As described previously, the ECU 20 can realize a smooth increase in the wheel cylinder pressure PW by decreasing the drive current IE to the difference pressure control valve 100 while keeping the change valve 7 de-energized. The degree or magnitude of this increase in the wheel cylinder pressure PW can be finely adjusted by controlling the drive current IE to the difference pressure control valve 100.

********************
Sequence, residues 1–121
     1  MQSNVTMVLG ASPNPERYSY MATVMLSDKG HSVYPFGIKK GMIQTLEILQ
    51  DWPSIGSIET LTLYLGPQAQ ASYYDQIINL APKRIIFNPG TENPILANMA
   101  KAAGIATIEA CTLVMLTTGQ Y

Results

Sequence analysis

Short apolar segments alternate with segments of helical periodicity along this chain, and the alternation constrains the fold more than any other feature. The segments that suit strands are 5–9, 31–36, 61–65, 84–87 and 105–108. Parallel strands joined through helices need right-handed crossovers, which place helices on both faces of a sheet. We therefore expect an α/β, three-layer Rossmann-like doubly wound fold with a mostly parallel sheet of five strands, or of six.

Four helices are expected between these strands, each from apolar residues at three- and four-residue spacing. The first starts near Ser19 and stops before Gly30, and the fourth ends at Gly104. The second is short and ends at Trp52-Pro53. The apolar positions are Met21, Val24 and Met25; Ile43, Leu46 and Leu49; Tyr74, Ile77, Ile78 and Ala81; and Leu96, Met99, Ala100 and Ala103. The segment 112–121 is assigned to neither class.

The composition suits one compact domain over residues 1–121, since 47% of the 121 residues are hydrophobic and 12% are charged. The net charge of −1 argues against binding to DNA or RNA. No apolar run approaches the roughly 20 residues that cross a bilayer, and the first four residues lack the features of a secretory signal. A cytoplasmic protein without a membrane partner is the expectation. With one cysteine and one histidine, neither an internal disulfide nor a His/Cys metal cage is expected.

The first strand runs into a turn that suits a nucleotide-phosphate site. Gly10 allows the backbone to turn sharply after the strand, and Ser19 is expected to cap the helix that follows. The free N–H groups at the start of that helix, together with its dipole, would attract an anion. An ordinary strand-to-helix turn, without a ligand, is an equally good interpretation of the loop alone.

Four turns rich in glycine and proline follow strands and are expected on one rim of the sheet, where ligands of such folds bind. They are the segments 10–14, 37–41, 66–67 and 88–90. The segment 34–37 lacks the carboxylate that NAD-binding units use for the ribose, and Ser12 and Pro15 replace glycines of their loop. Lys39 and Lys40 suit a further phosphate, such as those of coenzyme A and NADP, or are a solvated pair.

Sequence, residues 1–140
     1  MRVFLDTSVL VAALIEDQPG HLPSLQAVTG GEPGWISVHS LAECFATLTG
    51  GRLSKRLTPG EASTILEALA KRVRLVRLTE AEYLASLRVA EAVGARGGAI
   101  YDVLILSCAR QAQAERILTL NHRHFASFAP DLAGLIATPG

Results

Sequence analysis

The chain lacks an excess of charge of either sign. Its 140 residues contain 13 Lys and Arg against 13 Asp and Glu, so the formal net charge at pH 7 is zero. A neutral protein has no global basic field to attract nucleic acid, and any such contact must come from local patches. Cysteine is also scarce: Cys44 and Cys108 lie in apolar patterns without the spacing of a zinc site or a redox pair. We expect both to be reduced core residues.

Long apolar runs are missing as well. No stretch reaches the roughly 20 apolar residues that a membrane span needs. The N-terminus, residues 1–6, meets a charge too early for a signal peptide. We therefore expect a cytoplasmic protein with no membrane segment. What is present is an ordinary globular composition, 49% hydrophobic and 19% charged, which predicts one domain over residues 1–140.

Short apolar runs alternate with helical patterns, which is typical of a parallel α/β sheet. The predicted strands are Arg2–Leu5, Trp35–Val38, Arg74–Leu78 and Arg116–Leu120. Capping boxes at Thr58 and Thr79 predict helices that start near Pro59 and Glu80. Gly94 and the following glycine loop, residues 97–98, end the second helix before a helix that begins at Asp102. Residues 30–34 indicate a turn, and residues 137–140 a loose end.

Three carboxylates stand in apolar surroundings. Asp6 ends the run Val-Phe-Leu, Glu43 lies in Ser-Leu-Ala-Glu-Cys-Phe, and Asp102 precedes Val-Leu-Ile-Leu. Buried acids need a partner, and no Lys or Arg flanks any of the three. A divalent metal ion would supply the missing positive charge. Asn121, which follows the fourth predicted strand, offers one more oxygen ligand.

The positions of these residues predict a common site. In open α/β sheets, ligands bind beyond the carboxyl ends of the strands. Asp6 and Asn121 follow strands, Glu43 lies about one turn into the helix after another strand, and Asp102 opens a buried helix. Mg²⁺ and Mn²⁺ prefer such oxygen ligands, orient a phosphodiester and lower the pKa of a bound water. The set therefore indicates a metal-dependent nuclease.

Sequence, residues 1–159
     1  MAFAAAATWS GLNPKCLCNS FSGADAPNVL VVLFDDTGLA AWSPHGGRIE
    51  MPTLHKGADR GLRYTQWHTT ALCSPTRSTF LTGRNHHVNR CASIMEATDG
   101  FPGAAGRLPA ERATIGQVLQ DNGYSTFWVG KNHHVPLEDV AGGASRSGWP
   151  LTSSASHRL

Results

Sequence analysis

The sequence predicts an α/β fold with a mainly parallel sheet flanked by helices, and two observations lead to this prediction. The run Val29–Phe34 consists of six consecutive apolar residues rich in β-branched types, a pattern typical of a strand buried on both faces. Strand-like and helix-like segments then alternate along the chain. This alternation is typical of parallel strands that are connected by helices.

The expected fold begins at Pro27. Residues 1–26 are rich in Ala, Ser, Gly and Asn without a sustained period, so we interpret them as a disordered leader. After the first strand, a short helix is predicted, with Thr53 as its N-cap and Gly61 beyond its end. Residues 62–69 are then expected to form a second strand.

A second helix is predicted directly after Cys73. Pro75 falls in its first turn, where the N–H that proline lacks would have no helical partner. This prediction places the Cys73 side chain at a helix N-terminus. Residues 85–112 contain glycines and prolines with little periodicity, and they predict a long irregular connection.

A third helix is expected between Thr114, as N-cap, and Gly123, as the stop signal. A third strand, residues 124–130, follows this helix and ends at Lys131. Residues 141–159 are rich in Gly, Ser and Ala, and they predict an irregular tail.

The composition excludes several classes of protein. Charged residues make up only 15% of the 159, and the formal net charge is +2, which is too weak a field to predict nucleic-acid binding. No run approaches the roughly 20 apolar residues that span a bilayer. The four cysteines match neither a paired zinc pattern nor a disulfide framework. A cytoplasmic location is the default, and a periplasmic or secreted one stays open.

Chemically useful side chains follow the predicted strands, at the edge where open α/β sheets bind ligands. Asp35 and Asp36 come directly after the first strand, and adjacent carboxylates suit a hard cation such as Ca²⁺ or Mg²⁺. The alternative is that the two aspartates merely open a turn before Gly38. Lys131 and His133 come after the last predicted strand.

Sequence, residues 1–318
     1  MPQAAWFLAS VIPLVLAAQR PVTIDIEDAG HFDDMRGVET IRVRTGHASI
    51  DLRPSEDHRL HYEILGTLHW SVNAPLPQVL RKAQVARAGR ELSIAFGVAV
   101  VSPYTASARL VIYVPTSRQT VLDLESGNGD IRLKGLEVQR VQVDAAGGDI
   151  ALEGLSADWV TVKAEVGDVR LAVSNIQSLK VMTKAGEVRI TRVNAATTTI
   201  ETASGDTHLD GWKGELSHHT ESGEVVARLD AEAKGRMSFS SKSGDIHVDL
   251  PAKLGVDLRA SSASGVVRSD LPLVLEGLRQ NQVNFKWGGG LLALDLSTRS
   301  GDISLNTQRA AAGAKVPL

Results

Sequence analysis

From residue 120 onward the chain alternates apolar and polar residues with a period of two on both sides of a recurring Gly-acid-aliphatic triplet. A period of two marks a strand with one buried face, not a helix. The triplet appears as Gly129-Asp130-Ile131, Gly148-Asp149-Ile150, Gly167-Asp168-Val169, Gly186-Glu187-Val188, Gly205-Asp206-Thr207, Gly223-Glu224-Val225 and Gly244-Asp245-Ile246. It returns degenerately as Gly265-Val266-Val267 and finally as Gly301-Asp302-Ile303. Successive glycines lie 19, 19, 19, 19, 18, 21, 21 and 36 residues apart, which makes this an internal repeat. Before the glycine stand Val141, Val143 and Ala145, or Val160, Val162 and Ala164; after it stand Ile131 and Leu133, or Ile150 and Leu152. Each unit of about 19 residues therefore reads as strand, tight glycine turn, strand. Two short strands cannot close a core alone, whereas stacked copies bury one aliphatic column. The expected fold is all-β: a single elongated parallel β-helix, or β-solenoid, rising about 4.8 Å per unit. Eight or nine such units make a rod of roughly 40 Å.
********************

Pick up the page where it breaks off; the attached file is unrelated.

During the antiskid control process, when the wheel cylinder pressure PW is required to remain constant, the ECU 20 de-energizes the change valve 7 and keeps constant the drive current IE to the difference pressure control valve 100.